To Mr. Galloway: "Was Mr. McKinney acting gay?"

To Mr. Ferguson: "Were [Henderson & McKinney] acting gay?"

Each of the young men, Galloway and Ferguson, didn't think so.

But I was wondering (and I wasn't the only one who was) what that meant?

What would either of these two guys do, how would they pull off, "acting gay?"

Well, no one would wonder long. Tangeman provided the clue; the give-away that someone is "acting gay." He followed his question to Ferguson with this helpful inquiry: "Did they fluctuate their voices?"

Fluctuating voices. That's how you know! Now I know why all those gay guys in all those bars are always fluctuating their voices. That's always annoyed me all those fluctuating voices, but now I know ---the world knows--- that those guys are simply acting gay!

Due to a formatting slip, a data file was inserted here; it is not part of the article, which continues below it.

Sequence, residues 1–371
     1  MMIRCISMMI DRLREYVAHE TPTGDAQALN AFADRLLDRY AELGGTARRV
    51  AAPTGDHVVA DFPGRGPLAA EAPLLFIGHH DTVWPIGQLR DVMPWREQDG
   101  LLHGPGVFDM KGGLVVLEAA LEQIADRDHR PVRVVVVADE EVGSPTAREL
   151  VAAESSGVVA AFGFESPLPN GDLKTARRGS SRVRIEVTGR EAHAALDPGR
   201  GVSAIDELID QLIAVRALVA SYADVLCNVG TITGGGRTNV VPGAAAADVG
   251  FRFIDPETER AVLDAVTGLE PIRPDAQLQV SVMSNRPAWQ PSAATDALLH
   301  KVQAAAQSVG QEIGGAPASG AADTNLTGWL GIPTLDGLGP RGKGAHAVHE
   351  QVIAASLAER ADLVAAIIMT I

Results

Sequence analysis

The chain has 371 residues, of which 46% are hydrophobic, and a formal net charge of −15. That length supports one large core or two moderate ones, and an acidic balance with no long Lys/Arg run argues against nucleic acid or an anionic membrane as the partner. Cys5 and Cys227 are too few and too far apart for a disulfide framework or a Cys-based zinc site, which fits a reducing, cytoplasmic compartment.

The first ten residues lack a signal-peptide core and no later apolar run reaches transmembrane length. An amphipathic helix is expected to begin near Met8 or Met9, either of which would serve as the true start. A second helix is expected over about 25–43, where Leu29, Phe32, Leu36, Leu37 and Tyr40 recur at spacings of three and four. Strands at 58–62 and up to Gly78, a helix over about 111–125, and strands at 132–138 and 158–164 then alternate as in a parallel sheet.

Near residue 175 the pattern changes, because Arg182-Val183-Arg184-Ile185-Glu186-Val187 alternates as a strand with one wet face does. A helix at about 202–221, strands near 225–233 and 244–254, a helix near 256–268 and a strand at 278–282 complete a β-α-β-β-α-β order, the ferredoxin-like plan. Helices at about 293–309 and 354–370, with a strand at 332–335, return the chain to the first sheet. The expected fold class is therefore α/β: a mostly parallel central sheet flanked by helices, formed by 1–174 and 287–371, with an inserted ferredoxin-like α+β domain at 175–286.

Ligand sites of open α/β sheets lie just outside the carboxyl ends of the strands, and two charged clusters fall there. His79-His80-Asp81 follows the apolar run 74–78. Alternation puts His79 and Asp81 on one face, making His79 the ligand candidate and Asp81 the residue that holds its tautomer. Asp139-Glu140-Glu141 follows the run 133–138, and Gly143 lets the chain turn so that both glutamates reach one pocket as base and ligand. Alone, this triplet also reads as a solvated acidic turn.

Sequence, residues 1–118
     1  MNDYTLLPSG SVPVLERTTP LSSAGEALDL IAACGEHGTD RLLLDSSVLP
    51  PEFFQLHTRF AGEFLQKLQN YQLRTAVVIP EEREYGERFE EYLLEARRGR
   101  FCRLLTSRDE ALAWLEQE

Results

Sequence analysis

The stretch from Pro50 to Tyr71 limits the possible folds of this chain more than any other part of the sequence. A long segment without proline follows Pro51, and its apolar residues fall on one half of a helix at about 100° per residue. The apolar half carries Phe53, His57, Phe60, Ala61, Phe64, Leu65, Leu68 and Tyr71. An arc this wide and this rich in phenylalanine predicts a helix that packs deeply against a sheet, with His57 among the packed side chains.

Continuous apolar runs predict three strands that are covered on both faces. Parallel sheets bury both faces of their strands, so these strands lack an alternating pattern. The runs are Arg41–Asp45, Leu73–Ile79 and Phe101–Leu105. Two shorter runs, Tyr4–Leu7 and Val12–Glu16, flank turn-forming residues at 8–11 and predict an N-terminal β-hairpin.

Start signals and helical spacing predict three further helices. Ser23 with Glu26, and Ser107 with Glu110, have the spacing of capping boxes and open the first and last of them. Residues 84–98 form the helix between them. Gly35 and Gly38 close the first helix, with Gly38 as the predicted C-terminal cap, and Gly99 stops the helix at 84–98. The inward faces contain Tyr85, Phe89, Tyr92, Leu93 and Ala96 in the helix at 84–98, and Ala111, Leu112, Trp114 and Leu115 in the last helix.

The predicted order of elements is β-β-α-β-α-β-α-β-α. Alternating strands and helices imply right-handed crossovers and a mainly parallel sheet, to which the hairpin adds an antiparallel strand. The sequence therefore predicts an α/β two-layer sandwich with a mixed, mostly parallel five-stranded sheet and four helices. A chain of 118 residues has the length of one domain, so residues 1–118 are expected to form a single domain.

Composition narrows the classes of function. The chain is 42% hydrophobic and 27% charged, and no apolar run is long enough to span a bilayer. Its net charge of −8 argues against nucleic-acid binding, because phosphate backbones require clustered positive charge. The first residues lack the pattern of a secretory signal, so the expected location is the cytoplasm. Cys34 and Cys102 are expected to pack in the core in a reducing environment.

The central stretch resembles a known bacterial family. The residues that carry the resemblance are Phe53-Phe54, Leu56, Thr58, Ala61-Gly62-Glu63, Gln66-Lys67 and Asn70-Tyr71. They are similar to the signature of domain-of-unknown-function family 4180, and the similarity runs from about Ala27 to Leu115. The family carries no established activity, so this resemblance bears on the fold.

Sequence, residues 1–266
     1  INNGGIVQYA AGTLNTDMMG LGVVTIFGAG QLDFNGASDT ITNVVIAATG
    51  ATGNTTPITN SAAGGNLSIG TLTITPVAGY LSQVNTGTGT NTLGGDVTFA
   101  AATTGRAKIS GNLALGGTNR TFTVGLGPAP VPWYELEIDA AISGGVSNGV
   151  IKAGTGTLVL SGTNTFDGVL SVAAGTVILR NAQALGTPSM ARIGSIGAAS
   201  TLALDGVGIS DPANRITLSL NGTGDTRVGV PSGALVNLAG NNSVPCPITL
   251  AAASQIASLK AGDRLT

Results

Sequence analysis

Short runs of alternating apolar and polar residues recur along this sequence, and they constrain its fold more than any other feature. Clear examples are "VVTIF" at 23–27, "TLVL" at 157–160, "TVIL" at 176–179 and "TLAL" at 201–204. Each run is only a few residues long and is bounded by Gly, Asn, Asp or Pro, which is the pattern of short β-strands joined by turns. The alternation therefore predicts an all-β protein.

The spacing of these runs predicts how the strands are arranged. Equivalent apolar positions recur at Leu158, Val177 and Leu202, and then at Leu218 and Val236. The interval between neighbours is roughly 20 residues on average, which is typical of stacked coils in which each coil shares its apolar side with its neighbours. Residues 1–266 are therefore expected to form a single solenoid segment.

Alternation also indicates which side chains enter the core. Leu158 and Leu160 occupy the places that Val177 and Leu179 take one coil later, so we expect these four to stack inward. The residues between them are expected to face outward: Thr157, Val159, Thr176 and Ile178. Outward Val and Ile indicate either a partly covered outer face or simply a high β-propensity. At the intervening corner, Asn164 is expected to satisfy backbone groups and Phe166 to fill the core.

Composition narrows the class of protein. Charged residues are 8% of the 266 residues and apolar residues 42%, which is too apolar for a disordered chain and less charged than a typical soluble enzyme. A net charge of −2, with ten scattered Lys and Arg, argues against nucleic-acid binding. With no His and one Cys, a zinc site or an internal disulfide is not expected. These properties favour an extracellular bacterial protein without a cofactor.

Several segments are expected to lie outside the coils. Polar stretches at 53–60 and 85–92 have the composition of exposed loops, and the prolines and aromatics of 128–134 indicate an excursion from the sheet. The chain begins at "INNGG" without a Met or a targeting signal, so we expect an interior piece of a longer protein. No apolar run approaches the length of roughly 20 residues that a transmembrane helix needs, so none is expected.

Tangeman has evidently studied gay culture.

Although Shepard had been in the Fireside several times and was a respectful and respected patron, Galloway told reporters outside the Courthouse following his testimony that he had never been sure whether Matthew was gay or not.

Shepard obviously never fluctuated his voice.

So it's going to get progressively worse.
Jeffrey Montgomery has been able to observe and comment on this case in Laramie through the generous support of the Triangle Foundation and its supporters; The National Coalition of Anti-Violence Programs; Gay & Lesbian Alliance Against Defamation; and the National Gay & Lesbian Task Force.